6. The pilots decided to go around well before the plane touch down according to the recording. Then how could the Air/Ground Sensing system prohibited the EEC to set the thrust to TO/GA?

  7. Boeing and Airbus bring full aspect sims to the major aviation shows. 50% of selling an aircraft is convincing the chief pilots of airlines to buy into them.

    @Tim – the TO/GA system requires time to react – in particular engile spool timing. If in that time, sensors in the landing gear sense significant forces associated with hitting the tarmac, they will indeed disable TO/GA and initiate auto-brakes and reverse thrust if set to auto. I am surprise the EK pilots did not recollect this since there was severe emphasis on this point provided by Boeing in a recent recertification course which I attended.

  8. I don’t see a failure of automation — the equipment did exactly as designed. Instead, we see a lack of training and understanding by the flight deck. They were never taught that once the wheels hit the ground, all autopilot systems on that aircraft are disabled. This is where curious pilots, like QF’s Richard de Crespigny excel — they’re not content with step-wise instructions. They want to know what’s behind the controls, what makes an aircraft work. In their pursuit of knowledge, they learn about these little nuances and quirks.

    Having an automated car, I can certainly appreciate the situation the pilots were in. My car’s equipped with just about everything Bosch Mobility Solutions can put in a car in terms of automated driving. Today I ended up in a near-zero visibility rain storm, the type where you can’t even see the front of your hood. The car handles zero-visibility fine, such as in fog. BUT when the radar’s signal gets attenuated so much by rain that it loses sight of the objects around it, the computer gives up and expects you to drive in full-manual…but that’s not what it tells you. Instead there’s a single beep and the screen displays “Radar Sensors Dirty.” Hopefully you notice the max speed dot & little steering wheel icon on the screen have disappeared. I was warned about it, so it’s not a surprise to me, but I can see it biting someone who isn’t paying attention.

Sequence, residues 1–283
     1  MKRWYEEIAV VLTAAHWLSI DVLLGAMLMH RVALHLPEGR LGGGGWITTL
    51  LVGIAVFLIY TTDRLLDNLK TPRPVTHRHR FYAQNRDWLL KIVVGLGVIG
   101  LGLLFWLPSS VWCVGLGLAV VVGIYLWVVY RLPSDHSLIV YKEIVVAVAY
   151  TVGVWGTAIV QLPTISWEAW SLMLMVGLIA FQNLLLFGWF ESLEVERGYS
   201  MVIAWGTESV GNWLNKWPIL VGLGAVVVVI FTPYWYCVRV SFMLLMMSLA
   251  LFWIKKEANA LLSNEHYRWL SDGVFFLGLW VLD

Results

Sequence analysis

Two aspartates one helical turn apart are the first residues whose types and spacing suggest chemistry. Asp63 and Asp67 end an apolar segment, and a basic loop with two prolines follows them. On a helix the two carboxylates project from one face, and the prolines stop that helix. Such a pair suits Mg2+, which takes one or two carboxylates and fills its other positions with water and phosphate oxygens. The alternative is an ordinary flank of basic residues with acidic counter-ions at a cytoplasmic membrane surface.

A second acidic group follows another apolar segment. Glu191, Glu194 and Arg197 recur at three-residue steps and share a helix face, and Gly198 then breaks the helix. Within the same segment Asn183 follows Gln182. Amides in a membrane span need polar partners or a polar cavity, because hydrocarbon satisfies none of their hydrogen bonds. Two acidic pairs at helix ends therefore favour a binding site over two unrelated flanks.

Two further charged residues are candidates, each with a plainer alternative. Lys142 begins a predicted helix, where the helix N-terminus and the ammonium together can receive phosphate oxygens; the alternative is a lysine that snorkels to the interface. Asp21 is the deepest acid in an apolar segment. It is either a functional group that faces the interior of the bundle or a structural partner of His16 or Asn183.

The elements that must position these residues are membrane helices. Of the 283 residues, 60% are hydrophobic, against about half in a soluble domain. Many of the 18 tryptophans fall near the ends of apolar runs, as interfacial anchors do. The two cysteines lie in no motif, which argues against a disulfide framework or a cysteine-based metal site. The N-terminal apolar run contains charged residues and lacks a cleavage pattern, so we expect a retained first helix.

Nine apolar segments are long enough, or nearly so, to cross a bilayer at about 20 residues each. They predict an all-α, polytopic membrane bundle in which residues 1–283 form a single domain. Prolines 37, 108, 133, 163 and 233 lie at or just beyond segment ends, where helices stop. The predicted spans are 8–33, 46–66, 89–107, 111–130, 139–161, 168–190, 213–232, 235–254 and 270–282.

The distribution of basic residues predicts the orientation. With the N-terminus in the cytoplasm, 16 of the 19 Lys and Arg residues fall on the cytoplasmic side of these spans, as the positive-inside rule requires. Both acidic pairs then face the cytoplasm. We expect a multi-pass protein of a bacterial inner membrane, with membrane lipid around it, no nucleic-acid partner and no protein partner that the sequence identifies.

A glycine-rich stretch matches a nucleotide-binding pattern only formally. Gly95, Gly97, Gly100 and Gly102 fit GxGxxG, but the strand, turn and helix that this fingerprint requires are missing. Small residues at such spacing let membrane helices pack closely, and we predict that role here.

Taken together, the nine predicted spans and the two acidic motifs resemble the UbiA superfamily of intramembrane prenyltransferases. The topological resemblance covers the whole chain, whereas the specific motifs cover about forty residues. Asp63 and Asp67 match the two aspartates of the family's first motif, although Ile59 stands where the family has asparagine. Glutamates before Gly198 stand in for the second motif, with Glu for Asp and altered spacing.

9. A Pilot without class 1 medical, so I am not going to speculate here. Going to wait for the facts, unlike the author of this blog.

  10. Ben, Lucky…whatever you prefer to be called. Please, Im begging you here. You are an awesome travel blogger, extremely well informed and the very best on boardingarea by far. Refreshing honest, personal, open opinions and above all informative. I could go on with the compliments, well meant and deserved. However….

    You are not a pilot, and certainly not a jet pilot, and beyond that not a heavy jet pilot. Please…. refrain from opinion. You know virtually nothing about flying an aircraft. Trust me. And if you think some sim time qualifies you to even pass comment it doesn’t. Im a Boeing and Airbus rated Captain, and I cannot even comment without a lot more information. I doubt you will even read this but hey, if you do, hopefully you will listen.

  11. If you are going to write an aviation article, you might want to get the basics down, prior to trying to sound like an expert. The PFD is the primary flight display, not Pilot Flying Display…amateur.

  12. One this is for sure…. With a Captain from the UAE, and First Officer from Australia – the blame for this incident will not fall on the Captain. Anyone who has ever worked in the Middle East already knows that the expat will be the fall guy!

  13. I dont know about TOGA inhibition on a 777 but what Pilots are taught is to rely on instruments and not on systems ! That is a tremendous difference. But all saying a monkey could fly a today’s automated aircraft is again proven to be wrong. What pilots urgently need are manual flying skills and that is what even legislation if not the operators (and Emirates unfortunately is an operator that tells its pilots not to touch a thing unless in emergency -but as we see then it’s too late- this is not their first automation issue, if it is one, see runway excursion in Munich a couple of months ago) have found to be important. On that finding new type rating courses had to be instated especially for new on the market aircraft. To all the flightsimulator pilots it is not that easy to fly, judge and land a plane as your PC or the fellow airline manager is telling you ! Look at the leftover 777 junk closely, they thought they could handle it !

  14. I don’t think that this was a failure of the aircraft’s sytems – the sytems reacted as they should have done. However, the increasing danger is whether pilots know how to use those automations correctly and to their advantage. The equipment can be relied on, as it did exactly what it was supposed to do. In this case, however, it was the pilot lack of understanding of the equipment which caused the crash. He/She should have known that when a wheel touches the ground the TOGA system can’t be used.

  15. Why are you surprised by the lack of information? The authorities have made it very clear that any public speculation or unauthorised release of information by individuals will be cracked down on immediately. Nobody is going to leak info when they know it will wind them in jail or worse.